“When assigning papers, I encourage my students to choose their subjects carefully. If students can write about a subject about which they are passionate, they will write better papers.”
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“I teach because I want to help students imagine a better life for themselves. When they do that, they will be able to imagine a better world for all of us. And that is pretty cool.”
“I knew that I wanted to be a college instructor when I was an undergrad student at UCLA. I would come out of my English classes thrilled with the possibilities that language and literature created.”
“I find it gratifying when I stimulate the students' minds and to see how they go beyond what we do in class; some decide to pursue the subject as a future career. It is very rewarding to know that I can make a difference in students' lives.”
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“I maintain an open, questioning environment that encourages all reasonable experiments. In addition, I interweave real-world experiences and practical life skills with the subject material.”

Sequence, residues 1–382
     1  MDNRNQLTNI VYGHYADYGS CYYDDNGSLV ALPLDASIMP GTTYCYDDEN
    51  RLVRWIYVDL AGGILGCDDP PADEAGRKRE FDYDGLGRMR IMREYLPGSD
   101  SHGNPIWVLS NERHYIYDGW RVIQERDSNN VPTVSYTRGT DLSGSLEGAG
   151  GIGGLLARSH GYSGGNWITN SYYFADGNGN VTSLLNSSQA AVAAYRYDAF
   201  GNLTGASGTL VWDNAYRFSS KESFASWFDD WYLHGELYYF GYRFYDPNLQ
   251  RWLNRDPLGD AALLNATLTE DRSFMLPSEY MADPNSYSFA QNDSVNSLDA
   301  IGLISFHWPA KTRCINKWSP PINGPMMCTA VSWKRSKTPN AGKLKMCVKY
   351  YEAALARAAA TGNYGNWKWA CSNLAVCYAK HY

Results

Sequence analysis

“My main goal is to connect with students in a way that motivates them to learn the material deeply, not just to pass a test. And I really enjoy getting to know students on a personal basis and helping them along the path to being an engineer.”
“As an engineering educator, I am in a unique position: I'm educating individuals who will create and use technology that does not exist today.”
“I want to pass to my students my clinical knowledge and abilities to help them to be the best clinician they can be. My goal is to change their lives for the better.”
“My goal is not only to teach the necessary skills involved in treating patients, but to create meaningful experiences where students can grow and develop into true professionals.”
“I want to prepare graduates to be compassionate, critical-thinking professionals who are committed to life-long learning and promote health and the prevention of disease.”
“Teaching is more than transferring knowledge. I truly want students to succeed in life and in our profession.”
“I incorporate an assortment of teaching methods, including multimedia technology, problem-based learning and hands-on/experiential activities.”
“I emphasize that professional nursing education is a continuous, life-long learning process.”
“I love the chance to create special places that people enjoy, and leaving behind work that will grow and evolve with time.”
“I try to share my passion, skills and experiences to help students learn skills, techniques, concepts and teamwork so they are prepared - not only to graduate, but to work in the hospitality field.”